arbitrator


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ar·bi·tra·tor

 (är′bĭ-trā′tər)
n.
A person agreed upon or appointed to judge or decide a disputed issue; an arbiter.

ar•bi•tra•tor

(ˈɑr bɪˌtreɪ tər)

n.
a person empowered to decide a dispute or settle differences, as contract terms involving labor and management.
[1400–50; late Middle English < Late Latin]
ThesaurusAntonymsRelated WordsSynonymsLegend:
Noun1.arbitrator - someone chosen to judge and decide a disputed issuearbitrator - someone chosen to judge and decide a disputed issue; "the critic was considered to be an arbiter of modern literature"; "the arbitrator's authority derived from the consent of the disputants"; "an umpire was appointed to settle the tax case"
evaluator, judge - an authority who is able to estimate worth or quality
third party - someone other than the principals who are involved in a transaction

arbitrator

noun judge, referee, umpire, arbiter, adjudicator He served as an arbitrator in a series of commercial disputes in India.

arbitrator

noun
A person, usually appointed, who decides the issues or results, or supervises the conduct, of a competition or conflict:
Sports: ref, ump.
Translations
rozhodčí
mæglervoldgiftsdommer
gerîardómsmaîur
arbiterarbitrážny rozhodca

arbitrator

[ˈɑːbɪtreɪtəʳ] Nárbitro/a m/f, mediador(a) m/f

arbitrator

[ˈɑːrbɪtreɪtər] narbitre m, médiateur/trice m/f

arbitrator

nVermittler(in) m(f); (esp Ind) → Schlichter(in) m(f)

arbitrator

[ˈɑːbɪtreɪtəʳ] narbitro

arbitrate

(ˈaːbitreit) verb
to act as an arbitrator in a dispute etc. He has been asked to arbitrate in the dispute between the workers and management.
ˌarbiˈtration noun
the making of a decision by an arbitrator. The dispute has gone / was taken to arbitration.
ˈarbitrator noun
a person who makes a judgement in a dispute etc.
References in classic literature ?
Moreover, although he had lived so long in the closest relations with the peasants, as farmer and arbitrator, and what was more, as adviser
Nor do I approve of his method of determining causes, when he would have the judge split the case which comes simply before him; and thus, instead of being a judge, become an arbitrator. Now when any matter is brought to arbitration, it is customary for many persons to confer together upon the business that is before them; but when a cause is brought before judges it is not so; and many legislators take care that the judges shall not have it in their power to communicate their sentiments to each other.
Thither let us bend all our thoughts, to learn What creatures there inhabit, of what mould, Or substance, how endu'd, and what thir Power, And where thir weakness, how attempted best, By force or suttlety: Though Heav'n be shut, And Heav'ns high Arbitrator sit secure In his own strength, this place may lye expos'd The utmost border of his Kingdom, left To their defence who hold it: here perhaps Som advantagious act may be achiev'd By sudden onset, either with Hell fire To waste his whole Creation, or possess All as our own, and drive as we were driven, The punie habitants, or if not drive, Seduce them to our Party, that thir God May prove thir foe, and with repenting hand Abolish his own works.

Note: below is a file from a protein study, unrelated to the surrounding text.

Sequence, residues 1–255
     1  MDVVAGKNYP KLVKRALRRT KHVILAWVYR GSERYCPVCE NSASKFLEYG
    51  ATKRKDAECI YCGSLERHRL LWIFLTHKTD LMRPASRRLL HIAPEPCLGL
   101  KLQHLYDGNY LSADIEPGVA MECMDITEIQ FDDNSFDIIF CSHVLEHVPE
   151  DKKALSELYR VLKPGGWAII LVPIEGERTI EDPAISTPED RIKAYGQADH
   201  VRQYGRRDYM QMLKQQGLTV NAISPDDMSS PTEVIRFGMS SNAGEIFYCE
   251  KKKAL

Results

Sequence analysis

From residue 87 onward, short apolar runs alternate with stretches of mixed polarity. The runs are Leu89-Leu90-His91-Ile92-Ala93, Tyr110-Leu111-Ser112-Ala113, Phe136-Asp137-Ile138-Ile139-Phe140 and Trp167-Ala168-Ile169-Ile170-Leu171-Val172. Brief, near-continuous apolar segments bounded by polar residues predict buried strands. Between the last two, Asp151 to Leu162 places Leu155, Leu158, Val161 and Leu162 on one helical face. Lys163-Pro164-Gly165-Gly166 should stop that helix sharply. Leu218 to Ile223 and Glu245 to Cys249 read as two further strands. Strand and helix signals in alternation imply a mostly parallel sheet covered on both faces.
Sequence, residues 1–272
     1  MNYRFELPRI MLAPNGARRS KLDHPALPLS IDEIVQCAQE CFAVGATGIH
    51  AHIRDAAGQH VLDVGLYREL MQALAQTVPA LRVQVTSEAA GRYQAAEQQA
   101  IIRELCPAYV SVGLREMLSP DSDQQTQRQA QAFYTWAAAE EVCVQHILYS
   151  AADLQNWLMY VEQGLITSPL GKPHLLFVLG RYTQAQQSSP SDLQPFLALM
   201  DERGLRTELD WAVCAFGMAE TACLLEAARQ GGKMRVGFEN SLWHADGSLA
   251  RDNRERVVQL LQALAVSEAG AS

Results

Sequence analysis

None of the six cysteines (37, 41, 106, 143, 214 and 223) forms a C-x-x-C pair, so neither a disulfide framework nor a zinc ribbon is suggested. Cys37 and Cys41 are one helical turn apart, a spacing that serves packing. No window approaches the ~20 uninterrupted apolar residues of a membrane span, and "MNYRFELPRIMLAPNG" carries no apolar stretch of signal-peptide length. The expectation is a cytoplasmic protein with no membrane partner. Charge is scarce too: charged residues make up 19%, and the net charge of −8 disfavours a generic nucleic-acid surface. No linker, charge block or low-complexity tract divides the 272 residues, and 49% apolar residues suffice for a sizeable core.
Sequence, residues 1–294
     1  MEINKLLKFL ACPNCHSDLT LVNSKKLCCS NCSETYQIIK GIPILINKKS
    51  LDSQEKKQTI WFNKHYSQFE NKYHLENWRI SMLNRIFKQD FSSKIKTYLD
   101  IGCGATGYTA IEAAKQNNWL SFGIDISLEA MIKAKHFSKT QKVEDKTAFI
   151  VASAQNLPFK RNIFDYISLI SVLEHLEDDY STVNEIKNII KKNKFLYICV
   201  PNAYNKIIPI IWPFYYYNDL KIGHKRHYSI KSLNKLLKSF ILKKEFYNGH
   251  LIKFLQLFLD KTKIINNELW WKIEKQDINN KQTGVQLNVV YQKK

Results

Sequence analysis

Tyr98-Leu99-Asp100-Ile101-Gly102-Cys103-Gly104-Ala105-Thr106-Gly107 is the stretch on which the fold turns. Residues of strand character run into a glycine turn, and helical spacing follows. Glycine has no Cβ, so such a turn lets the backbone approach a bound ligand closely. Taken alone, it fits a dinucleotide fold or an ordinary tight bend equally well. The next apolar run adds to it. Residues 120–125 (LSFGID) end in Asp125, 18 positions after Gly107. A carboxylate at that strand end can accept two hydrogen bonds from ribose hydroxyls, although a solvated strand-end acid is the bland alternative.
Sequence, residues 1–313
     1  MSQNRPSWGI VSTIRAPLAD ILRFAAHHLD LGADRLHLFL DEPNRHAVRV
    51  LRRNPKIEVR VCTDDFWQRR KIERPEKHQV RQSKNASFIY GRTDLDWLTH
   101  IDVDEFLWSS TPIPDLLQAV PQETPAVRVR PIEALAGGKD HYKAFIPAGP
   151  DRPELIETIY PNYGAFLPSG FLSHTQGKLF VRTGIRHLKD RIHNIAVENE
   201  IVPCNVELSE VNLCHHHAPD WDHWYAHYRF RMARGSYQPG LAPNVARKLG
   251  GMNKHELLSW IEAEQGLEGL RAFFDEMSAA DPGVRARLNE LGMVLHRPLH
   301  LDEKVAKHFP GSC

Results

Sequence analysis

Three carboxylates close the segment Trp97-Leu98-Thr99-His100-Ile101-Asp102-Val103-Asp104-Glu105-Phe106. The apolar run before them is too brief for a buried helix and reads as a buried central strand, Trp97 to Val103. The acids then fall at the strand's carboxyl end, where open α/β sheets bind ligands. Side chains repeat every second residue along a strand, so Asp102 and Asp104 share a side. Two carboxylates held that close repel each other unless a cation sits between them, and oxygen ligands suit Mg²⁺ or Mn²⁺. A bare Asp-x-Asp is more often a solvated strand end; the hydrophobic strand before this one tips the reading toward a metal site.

Shall we ask the prince to act as arbitrator?" he went on, addressing his uncle.
Master Pedro made him a bow, saying, "I expected no less of the rare Christianity of the valiant Don Quixote of La Mancha, true helper and protector of all destitute and needy vagabonds; master landlord here and the great Sancho Panza shall be the arbitrators and appraisers between your worship and me of what these dilapidated figures are worth or may be worth."
And so he went on, putting values on ever so many more smashed figures, which, after the two arbitrators had adjusted them to the satisfaction of both parties, came to forty reals and three-quarters; and over and above this sum, which Sancho at once disbursed, Master Pedro asked for two reals for his trouble in catching the ape.
Apart from the one fundamental nastiness the luckless mouse succeeds in creating around it so many other nastinesses in the form of doubts and questions, adds to the one question so many unsettled questions that there inevitably works up around it a sort of fatal brew, a stinking mess, made up of its doubts, emotions, and of the contempt spat upon it by the direct men of action who stand solemnly about it as judges and arbitrators, laughing at it till their healthy sides ache.
All the arbitrators agreed that this was monstrous, whereupon I contended that if they denied my right to the value in exchange, they must admit my right to the value in use.
This is mainly because the losing party does not want to comply with the award passed by the arbitrator and tries to seek relief through court.
In a no-fault suit with several interesting issues, the Supreme Court has upheld a master arbitrator's ruling that Merchants Preferred Insurance Company timely denied a hospital bill.
However, one question remains unanswered by the high court: When an arbitration provision is silent as to class arbitration and a party seeks to include a class in the arbitral proceedings, who decides arbitrability--the court or the arbitrator? Put another way, is the question simply a procedural issue to be decided by the arbitrator, or is it a "gateway" issue which must be decided by the court?
An entire award to a farmer who argued that his insurance company breached a contract was vacated because the arbitrator exceeded her authority by awarding extra-contractual damages, which can only be awarded by a court; and although her decision included contractual damages, which were allowed under the policy, it did not distinguish between amounts awarded for contract and non-contract claims.